GUEST POST: Diary Of A Teacher is a bite of real life, exposing the anxiety, paralysing overwhelm and dread many overworked teachers feel. Thank you very much to the generous writer for sharing this with my readers. Helping people feel seen is always noble.
Going back to school.
That anxiety thing.
Here’s how it begins for me.
Five days before the end of the break, and all that marking, and possibility to plan classes still not done. There’s a cool seating plan that I swear will sort my year 8’s from nightmare class to dream class.
I can’t read another Year 10 essay that claims Macbeth “is just an innocent guy…all those murders are actually all his wife’s fault”.
There’s at least thirty hours of it, maybe more.
But there’s still those walls to paint/that song I needed to write/the house that looks like a war zone/that sweet sweet TV bingeing drug to mainline. And let’s be honest: I take the TV drug almost every time.
But in the end, what I don’t do is the work.
And hour by hour, I start to curl up on the couch or the bed, less and less able to do the one thing that’ll make me feel ok.
First, my partner comes in to check on me, and reminds me that the way out of the hole is to get the work done. And she loves me, and she’ll take the kids.
I can’t get the work done.
Then my friend who I never see during term time calls to say let’s go out to a movie. I decline. Then my other friend who I also never see during term time drops by to go for a bike ride.
I die a little more inside and lie about feeling sick.
Then the vortex worsens.
You’re a shit teacher, a worse friend, and terrible husband. You’re a bad dad (not the funny version, either). You’ve done nothing with your life. You are a failure.
I always think of Trent Reznor at these moments, because I never knew what “The Downward Spiral” was until I started teaching. And even though it’s on a different album, the song “Something I can Never Have” plays on repeat in my head…you make it all go away, you make it all go away. I just want something…I can never have.
Is it the fact we get the opportunity to not work, but know that we should be working that turns the holiday to crap? Or is it that teaching sucks so much creativity from me that I struggle with the idea that I have nothing left to put in to my own personal life?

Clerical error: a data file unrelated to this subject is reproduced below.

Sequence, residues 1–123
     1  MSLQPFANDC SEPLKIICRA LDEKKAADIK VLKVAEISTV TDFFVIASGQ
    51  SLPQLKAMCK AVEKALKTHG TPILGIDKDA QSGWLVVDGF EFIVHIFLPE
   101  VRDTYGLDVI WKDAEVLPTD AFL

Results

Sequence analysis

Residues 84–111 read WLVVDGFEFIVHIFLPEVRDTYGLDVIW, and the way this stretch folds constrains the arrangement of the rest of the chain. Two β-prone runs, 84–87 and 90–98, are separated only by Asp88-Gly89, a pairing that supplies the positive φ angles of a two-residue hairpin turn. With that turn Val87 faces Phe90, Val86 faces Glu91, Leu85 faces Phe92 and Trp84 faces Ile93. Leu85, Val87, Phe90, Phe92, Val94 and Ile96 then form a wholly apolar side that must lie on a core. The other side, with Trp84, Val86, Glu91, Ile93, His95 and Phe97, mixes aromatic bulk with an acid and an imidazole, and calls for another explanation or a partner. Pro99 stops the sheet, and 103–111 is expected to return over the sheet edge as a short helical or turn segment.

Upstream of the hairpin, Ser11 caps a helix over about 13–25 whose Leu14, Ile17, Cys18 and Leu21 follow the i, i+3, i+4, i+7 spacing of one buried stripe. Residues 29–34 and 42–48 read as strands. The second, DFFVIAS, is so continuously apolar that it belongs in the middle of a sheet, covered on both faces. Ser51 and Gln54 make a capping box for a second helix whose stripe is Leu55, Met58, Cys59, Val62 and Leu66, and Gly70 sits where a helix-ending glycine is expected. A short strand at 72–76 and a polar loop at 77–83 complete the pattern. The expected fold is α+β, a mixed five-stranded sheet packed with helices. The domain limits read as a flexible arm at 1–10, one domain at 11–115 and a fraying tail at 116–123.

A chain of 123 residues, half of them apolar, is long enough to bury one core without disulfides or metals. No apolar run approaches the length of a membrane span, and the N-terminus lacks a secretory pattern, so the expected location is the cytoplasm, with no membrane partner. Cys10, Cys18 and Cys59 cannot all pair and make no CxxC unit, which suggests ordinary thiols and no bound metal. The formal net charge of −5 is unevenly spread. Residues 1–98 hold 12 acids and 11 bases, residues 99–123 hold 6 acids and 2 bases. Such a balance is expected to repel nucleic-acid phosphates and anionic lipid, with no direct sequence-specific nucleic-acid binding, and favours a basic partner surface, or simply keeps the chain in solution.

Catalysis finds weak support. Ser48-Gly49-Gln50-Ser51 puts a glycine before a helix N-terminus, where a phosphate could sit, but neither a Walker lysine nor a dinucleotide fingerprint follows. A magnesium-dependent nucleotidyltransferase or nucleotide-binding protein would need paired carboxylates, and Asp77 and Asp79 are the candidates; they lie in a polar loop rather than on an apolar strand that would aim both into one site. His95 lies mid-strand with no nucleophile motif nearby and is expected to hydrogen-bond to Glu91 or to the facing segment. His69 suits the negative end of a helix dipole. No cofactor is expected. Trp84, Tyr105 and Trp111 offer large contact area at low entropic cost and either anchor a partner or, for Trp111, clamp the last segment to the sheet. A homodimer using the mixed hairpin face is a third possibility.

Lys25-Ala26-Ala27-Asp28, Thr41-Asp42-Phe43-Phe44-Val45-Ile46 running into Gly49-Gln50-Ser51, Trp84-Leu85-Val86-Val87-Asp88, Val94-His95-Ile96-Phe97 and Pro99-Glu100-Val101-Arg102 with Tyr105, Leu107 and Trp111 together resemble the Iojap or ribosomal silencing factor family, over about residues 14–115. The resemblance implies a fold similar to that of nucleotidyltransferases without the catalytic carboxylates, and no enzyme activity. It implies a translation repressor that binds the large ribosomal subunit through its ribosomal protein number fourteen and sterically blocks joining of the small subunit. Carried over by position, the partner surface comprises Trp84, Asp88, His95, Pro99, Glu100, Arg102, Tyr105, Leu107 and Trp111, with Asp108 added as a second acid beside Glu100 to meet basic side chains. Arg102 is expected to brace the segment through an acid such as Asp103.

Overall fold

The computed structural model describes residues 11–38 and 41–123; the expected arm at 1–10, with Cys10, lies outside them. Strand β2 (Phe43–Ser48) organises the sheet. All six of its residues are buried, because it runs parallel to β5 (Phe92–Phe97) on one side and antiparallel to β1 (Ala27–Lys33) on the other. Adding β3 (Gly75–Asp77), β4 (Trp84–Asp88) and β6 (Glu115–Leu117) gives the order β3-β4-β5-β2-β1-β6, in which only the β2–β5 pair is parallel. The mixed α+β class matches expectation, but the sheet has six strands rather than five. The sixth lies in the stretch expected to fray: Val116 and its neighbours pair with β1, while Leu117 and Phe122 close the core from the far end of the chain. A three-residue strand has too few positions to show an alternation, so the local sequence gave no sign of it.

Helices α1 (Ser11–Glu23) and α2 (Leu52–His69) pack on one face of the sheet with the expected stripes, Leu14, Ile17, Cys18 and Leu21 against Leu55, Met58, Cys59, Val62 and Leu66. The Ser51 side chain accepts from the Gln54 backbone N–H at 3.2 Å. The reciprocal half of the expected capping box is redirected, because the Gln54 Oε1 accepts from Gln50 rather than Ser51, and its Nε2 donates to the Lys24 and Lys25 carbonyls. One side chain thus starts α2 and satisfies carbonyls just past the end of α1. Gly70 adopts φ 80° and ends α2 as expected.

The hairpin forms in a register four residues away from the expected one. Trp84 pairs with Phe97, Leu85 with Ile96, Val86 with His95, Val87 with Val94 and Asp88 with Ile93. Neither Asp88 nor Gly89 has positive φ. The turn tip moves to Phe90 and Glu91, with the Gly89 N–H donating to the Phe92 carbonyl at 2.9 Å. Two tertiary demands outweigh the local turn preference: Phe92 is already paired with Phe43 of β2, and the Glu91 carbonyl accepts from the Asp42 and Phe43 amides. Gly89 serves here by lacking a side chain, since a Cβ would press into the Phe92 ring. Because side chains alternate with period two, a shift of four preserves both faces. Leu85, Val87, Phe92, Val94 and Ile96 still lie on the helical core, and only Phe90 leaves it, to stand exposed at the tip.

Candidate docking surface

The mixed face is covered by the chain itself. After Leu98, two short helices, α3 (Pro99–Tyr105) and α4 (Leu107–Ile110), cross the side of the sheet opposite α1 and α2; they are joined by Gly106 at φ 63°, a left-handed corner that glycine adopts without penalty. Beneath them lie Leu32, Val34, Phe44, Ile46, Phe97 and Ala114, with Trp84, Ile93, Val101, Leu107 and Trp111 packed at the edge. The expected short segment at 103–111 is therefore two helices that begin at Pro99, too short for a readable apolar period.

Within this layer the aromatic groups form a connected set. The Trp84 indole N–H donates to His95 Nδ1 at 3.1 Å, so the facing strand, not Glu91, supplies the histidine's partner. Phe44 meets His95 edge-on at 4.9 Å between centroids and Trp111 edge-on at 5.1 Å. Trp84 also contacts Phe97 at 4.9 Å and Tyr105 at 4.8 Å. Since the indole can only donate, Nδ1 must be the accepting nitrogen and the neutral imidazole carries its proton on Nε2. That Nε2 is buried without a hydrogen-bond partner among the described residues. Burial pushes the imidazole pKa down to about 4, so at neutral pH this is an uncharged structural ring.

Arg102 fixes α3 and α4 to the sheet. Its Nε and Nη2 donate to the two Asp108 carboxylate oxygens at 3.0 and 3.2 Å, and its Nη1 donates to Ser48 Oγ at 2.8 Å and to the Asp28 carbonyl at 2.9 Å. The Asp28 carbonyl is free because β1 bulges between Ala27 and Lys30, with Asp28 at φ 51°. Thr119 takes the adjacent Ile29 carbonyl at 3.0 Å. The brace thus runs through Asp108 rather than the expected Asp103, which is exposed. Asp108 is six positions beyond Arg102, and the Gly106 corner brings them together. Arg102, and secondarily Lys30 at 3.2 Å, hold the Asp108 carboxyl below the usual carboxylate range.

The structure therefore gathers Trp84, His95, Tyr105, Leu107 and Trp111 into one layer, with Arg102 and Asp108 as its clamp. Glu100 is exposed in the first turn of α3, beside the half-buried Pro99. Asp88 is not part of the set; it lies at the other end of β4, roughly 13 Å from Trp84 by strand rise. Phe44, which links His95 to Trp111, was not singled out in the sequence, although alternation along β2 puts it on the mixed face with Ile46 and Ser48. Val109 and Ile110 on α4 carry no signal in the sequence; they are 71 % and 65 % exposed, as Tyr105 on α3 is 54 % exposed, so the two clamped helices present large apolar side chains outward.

Because it feels like there’s all these things I want for my life – for the lives of those I love – and I can’t get myself there.
The final night is always the same: the overwhelming amount of stuff not done, emails and Teams chats not checked.
These all start to pile on top of each other in a great roiling anxious fog.
In the end I don’t look at anything, but stay up crazily late to reassert some twisted form of control over my life. And then I fly blind and under-slept all the next day at school, which almost always turns out to be slightly less nightmarish than I’d feared.
A week later, I usually come home saying something like “I fucking love teaching! Listen to what this kid wrote for their Year 10 essay!…”.
Yeah, the holidays are awesome.
Teachers have it so easy.
Please comment below if you can relate to this experience. If you’re looking for a counsellor, connect with me here and find out if we’d be a good fit for some life-saving work together. If you’d enjoy occasionally getting these posts and other messages in your inbox, sign up for my blog here. And if you’d like to read another guest post personal essay, try the incredibly powerful Keep On Driving.
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